Mar­jorie Lehman is writ­ing here as part of Jew­ish Book Coun­cil’s Vis­it­ing Scribe series.

In col­lect­ing the essays that make up Moth­ers in the Jew­ish Cul­tur­al Imag­i­na­tion, my co-edi­tors and I sought to enhance the vis­i­bil­i­ty of moth­ers and call atten­tion to them as an ana­lyt­ic cat­e­go­ry essen­tial for nar­rat­ing Jew­ish­ness. Work­ing to dis­en­tan­gle moth­er­hood from ide­al­ized notions of the Jew­ish fam­i­ly and stereo­types of the Jew­ish moth­er, this col­lec­tion of essays was designed to show how Jews use moth­er­hood across time and place as a way to con­struct and com­pre­hend their cul­ture. Our goal was not to offer a per­spec­tive on Jew­ish moth­er­ing or a def­i­n­i­tion of the Jew­ish moth­er, but to use moth­er” as a site of aca­d­e­m­ic study. Part of the moti­va­tion emerged from the fact that we rec­og­nized a gap in schol­ar­ly work in Jew­ish Stud­ies regard­ing focused stud­ies on the moth­er.” Viewed often as out­side the struc­tures of pow­er, rel­e­gat­ed to the inside — to the home — we sought authors who brought com­plex­i­ty and nuance to our under­stand­ing of moth­er.” As Joyce Antler argues in You Nev­er Call, You Nev­er Write, if there was ever a suc­cess­ful cul­tur­al tem­plate work­ing to dis­em­pow­er women, it is that of the moth­er. As aca­d­e­mics and fem­i­nist schol­ars we were pro­pelled for­ward by a desire to give the cat­e­go­ry of moth­er,” and more specif­i­cal­ly, the Jew­ish moth­er,” its own voice. In the process we real­ized that there was much to be said about the ways in which moth­ers shape Jew­ish cul­ture and are shaped by it. Writ­ers, activists, rab­bis, artists, book print­ers and poets have pro­ject­ed, cre­at­ed, engaged, and con­test­ed Jew­ish cul­ture by rely­ing on the trope of the Jew­ish moth­er,” often break­ing from bio­log­i­cal con­cep­tions of moth­er­hood. The time had arrived, we believed, to inter­vene in the study of Jew­ish cul­ture with a focus on moth­er.”

How­ev­er, inas­much as pub­lish­ing a book on moth­ers became for us an impor­tant schol­ar­ly under­tak­ing, we want­ed this book to incite greater dis­course about moth­ers and moth­er­hood in gen­er­al, even beyond the acad­e­my. For exam­ple, Mary Beard, in her book Women and Pow­er: A Man­i­festo stress­es the degree to which women have been silenced and asks us to think about how to resus­ci­tate women on the inside of pow­er.” She begins the book remind­ing us of the inter­change between Telemachus and his moth­er Pene­lope in Homer’s Odyssey. Moth­er, he says, Go back into your quar­ters, and take up your work, the loom and the distaff…speech will be the busi­ness of men, and of me most of all; for mine is the pow­er in this house­hold.” Pene­lope then acknowl­edges her son’s pow­er and goes back upstairs. Rab­binic sources express sim­i­lar sen­ti­ments, defin­ing women’s knowl­edge as mere­ly that of the spin­dle, their voic­es use­ful only to share gos­sip when weav­ing togeth­er, but nev­er to share words of Torah, dis­em­pow­er­ing them. Indeed, as Beard argues, we have no tem­plate for what a pow­er­ful woman looks like. Or do we? And so I pose the ques­tion: What if we turn to the moth­er? Is there a way to get to the core of what moth­er­ing is so that we can think with it to rede­fine pow­er? Can think­ing about moth­er­ing offer us new ways of liv­ing in the world, not as moth­ers nec­es­sar­i­ly, but as people?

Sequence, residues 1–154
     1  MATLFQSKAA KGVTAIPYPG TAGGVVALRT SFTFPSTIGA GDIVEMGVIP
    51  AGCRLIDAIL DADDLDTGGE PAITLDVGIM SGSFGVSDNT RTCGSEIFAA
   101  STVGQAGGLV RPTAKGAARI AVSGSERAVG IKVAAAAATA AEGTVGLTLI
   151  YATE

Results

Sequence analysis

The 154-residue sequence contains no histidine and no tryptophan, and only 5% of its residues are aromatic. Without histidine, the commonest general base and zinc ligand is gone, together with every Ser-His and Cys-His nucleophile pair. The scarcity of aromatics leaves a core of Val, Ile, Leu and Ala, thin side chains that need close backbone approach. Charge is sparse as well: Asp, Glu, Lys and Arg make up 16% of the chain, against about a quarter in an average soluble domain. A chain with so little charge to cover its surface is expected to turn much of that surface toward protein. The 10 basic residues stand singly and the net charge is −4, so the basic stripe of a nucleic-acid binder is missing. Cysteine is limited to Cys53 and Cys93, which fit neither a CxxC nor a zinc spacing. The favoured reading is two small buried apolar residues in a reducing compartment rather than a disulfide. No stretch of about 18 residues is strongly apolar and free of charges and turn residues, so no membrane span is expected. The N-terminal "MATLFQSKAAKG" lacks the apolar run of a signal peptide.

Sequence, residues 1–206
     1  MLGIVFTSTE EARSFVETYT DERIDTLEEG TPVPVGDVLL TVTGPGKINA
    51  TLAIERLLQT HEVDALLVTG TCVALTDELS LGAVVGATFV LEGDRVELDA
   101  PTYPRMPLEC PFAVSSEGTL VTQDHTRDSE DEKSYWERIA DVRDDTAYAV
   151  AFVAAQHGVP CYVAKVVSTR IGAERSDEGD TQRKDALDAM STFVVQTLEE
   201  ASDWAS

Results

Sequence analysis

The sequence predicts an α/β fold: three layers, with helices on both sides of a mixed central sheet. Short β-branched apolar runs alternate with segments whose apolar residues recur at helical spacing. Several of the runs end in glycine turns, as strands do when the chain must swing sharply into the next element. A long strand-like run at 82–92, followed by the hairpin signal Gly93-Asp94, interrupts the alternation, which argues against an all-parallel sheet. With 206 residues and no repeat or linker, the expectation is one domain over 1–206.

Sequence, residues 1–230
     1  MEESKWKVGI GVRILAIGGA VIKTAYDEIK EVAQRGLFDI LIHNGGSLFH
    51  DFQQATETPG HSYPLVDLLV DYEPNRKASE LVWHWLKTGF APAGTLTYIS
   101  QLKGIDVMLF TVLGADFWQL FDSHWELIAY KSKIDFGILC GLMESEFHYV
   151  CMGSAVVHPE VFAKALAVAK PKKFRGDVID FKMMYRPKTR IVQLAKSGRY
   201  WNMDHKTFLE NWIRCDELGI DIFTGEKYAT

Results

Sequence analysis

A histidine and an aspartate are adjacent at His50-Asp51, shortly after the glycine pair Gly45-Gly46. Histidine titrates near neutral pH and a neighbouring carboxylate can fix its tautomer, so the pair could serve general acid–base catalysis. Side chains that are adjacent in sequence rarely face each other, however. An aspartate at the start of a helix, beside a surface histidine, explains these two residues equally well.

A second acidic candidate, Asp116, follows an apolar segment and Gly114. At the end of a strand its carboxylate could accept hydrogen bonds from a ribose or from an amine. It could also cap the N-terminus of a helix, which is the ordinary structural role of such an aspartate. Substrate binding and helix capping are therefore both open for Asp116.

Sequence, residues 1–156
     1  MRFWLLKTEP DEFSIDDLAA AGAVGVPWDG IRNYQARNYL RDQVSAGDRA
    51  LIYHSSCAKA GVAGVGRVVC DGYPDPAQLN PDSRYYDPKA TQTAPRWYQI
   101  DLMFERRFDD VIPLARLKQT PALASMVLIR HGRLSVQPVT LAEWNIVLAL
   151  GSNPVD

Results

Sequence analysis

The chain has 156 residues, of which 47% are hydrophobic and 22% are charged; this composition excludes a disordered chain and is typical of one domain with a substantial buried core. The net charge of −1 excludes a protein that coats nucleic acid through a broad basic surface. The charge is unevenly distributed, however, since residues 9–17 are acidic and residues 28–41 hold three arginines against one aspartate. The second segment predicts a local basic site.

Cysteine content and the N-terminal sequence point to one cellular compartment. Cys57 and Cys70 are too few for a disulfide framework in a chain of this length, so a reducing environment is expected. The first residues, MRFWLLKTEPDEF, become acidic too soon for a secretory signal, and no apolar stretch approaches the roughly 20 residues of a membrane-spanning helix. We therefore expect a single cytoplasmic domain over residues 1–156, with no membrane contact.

Sara Rud­dick argues in Mater­nal Think­ing: Toward a Pol­i­tics of Peace, that moth­er­hood offers us an alter­na­tive pow­er mod­el, one that is nur­tur­ing and that emerges from a com­mit­ment to pro­tect and pre­serve one anoth­er. Indeed, in moth­er­ing we find a mod­el that teach­es us, even requires us, to give voice to the less pow­er­ful — the child — all the while giv­ing the one in pow­er, the one moth­er­ing, a voice as well. Moth­er­ing is an act of pow­er, but also one of rec­og­nized pow­er­less­ness, for moth­er­ing requires the pro­tec­tion and preser­va­tion of a child for the pur­pos­es of enabling that child to achieve inde­pen­dence. And so an acknowl­edged pow­er­less­ness takes over where pow­er once lied. For Rud­dick, to adopt moth­er­ing as a mod­el is to imag­ine a world of mater­nal thinkers, and in so doing, to imag­ine a world at peace.

And so when I think about the joke that still draws laugh­ter from audi­ences today — What’s the dif­fer­ence between a Jew­ish Moth­er and a vul­ture? The vul­ture waits until you are dead to eat your heart out” — I think about the pow­er of moth­er­ing that such a joke reveals, nam­ing it only to side­line moth­er­ing in fear of the pow­er that comes with it, ignor­ing what it can do in its ide­al form. So it is up to us, I pro­pose, to think as Sara Rud­dick does, and to take on the mis­sion posed by Mary Beard — to think about a new pow­er mod­el for our world that is ground­ed in what comes nat­u­ral­ly to so many of us, moth­er­ing and the think­ing asso­ci­at­ed with it.